MANILA, Philippines — The government should file cases against the Chinese vessel that caused the sinking of the Filipino fishing boat Gem-Ver 1 and then abandoned its 22 crew members in the open sea, Sen. Sherwin Gatchalian said after details of an official report on the incident were made public on Saturday.
“The fact is very clear that they were left there and they almost died, and they didn’t receive help from the one who hit them … In other words, we need to get justice for our fishermen and use this report,” Gatchalian said in a radio interview.
The case could be filed in a Philippine court because the incident took place within the Philippines’ 370-kilometer exclusive economic zone (EEZ), he added.
According to the June 20 investigation report by the Philippine Coast Guard (PCG) and the Maritime Industry Authority (Marina) sent to President Duterte, the Chinese vessel that smashed into the anchored Filipino fishing boat not only failed to take measures to avoid hitting it but also willfully left the 22 Filipinos struggling for their lives in the water.
The Chinese vessel maneuvered back to about 50 meters from the stricken boat, a move which indicated that the Chinese crew had “direct knowledge of the distress situation,” the report on the June 9 incident near Recto (Reed) Bank said.
But instead of saving the crew of the Gem-Ver 1, the Chinese vessel turned off its lights and sailed away, it said. The Filipinos were rescued hours later by a Vietnamese fishing boat.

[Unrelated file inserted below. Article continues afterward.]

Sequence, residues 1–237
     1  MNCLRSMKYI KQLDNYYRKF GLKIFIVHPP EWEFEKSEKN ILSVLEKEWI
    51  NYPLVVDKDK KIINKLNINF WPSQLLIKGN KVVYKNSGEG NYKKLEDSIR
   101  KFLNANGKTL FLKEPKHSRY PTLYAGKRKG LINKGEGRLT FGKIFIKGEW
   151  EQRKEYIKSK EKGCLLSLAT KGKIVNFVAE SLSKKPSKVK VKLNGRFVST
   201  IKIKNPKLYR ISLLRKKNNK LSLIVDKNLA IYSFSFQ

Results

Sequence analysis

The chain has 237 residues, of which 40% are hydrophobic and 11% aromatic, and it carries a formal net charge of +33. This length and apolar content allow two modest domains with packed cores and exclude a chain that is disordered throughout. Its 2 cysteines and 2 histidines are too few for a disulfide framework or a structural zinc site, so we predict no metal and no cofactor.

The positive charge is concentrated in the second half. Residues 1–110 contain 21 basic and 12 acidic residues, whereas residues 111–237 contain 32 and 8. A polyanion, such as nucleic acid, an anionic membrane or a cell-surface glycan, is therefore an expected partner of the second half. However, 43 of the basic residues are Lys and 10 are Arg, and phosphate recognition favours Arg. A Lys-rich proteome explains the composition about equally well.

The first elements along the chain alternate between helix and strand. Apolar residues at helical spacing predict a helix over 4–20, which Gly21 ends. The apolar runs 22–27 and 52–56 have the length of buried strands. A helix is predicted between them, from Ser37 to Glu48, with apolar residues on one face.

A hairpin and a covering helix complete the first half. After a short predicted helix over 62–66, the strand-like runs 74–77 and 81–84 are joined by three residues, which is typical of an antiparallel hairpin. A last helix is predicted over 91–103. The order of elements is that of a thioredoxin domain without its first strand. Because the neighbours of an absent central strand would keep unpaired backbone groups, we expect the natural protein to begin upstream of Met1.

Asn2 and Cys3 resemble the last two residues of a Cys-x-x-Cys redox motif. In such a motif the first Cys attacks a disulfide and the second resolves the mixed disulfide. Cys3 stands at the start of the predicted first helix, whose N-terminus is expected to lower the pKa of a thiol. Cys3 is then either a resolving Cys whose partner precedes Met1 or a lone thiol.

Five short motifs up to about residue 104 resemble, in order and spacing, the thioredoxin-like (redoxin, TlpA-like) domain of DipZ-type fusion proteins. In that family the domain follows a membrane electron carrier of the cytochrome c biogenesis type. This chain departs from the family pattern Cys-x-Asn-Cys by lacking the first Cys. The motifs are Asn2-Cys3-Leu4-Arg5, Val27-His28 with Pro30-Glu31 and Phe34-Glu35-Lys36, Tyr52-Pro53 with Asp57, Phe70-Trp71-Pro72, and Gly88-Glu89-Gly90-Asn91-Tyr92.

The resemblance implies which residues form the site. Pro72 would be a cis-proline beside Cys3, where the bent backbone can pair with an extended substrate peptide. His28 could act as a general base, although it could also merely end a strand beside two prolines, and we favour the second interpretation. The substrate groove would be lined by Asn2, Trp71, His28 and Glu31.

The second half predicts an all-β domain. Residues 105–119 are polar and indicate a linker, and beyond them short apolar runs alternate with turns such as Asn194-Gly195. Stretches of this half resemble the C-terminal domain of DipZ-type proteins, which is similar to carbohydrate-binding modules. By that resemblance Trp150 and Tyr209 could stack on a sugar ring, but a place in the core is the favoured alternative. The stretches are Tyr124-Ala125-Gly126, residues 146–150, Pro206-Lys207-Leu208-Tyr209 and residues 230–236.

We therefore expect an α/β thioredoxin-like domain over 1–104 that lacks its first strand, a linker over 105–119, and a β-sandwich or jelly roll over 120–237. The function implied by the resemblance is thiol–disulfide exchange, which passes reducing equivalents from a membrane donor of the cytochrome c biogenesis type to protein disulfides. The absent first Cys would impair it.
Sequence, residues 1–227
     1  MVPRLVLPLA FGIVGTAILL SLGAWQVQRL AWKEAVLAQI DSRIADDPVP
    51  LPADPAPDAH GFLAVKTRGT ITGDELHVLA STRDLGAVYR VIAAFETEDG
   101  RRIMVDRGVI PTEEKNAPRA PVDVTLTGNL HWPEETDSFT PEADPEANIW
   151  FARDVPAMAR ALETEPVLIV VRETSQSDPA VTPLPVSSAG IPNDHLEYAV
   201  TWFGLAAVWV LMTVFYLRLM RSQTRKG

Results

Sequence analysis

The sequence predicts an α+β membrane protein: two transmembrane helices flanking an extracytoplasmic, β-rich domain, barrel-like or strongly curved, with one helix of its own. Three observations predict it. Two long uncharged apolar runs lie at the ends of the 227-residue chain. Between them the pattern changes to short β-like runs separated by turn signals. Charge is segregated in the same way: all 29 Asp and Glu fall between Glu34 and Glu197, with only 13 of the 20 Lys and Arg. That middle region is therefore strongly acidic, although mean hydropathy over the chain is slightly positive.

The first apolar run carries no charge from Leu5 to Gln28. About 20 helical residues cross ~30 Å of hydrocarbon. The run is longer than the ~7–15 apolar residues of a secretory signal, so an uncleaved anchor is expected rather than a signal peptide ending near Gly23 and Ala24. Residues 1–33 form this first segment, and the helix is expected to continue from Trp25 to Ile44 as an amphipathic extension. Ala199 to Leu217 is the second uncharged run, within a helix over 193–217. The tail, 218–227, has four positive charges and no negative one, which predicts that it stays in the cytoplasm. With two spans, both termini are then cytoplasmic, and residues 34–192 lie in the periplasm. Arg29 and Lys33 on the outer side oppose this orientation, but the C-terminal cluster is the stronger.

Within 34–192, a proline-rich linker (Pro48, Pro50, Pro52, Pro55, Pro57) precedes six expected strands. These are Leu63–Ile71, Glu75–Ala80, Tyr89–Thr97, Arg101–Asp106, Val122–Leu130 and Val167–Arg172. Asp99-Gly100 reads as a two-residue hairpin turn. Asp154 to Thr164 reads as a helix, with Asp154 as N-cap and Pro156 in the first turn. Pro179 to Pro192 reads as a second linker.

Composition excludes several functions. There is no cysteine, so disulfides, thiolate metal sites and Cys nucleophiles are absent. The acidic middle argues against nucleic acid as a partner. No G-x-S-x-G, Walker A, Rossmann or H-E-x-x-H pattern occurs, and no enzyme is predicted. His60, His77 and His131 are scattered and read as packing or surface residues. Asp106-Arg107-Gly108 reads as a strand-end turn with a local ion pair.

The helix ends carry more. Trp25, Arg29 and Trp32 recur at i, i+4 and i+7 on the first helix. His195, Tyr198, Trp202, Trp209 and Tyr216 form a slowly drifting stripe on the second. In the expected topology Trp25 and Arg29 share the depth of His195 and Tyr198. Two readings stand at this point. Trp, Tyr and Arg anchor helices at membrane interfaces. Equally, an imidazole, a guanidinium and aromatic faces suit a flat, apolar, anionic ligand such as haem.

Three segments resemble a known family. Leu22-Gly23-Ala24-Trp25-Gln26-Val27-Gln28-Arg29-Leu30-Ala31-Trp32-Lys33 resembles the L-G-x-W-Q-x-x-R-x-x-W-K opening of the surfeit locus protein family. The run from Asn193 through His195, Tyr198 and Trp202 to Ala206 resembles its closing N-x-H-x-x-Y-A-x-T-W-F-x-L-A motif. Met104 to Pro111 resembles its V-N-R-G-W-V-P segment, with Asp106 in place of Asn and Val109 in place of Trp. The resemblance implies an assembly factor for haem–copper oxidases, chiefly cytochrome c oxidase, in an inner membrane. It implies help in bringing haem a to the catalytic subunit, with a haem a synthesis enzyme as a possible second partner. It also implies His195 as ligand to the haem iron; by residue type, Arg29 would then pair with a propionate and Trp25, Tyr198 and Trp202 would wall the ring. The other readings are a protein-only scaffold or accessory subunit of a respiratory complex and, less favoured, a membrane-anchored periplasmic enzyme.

By this action, the Chinese vessel failed to provide assistance to distressed persons at sea in violation of regulations under the UN Convention on the Law of the Sea and the International Convention for the Safety of Life at Sea, the report said.
It said the incident happened about 259 kilometers northwest of Piedras Point in Palawan province, in “vicinity waters” of the Recto Bank and well within the Philippines’ EEZ.
It said the weather then was “fair with starry skies,” visibility “was slightly clear” and the sea was calm.
Prevent a repeat
Gatchalian said he wanted to prevent a repeat of the incident, and this would be avoided if those involved would be held accountable.
“If they see that the government’s response is weak, if we won’t file cases or go after those who hit the fishermen, the incident will be set aside and it would be repeated,” he added.
The report did not say whether the Chinese vessel intentionally rammed Gem-Ver 1, calling the incident an “allision”—a ship hitting another that is stationary.
The Chinese vessel destroyed a portion of the stern of the Gem-Ver 1, causing water to flood its hull and sink the boat.
Sen. Panfilo Lacson said he was wondering if the joint probe conducted a forensic examination of the damage to determine whether the ramming was accidental or deliberate.
“If not, that explains why the report is inconclusive and incomplete in that regard. I would say, that should be an important aspect of the investigation,” said Lacson, a former national police chief.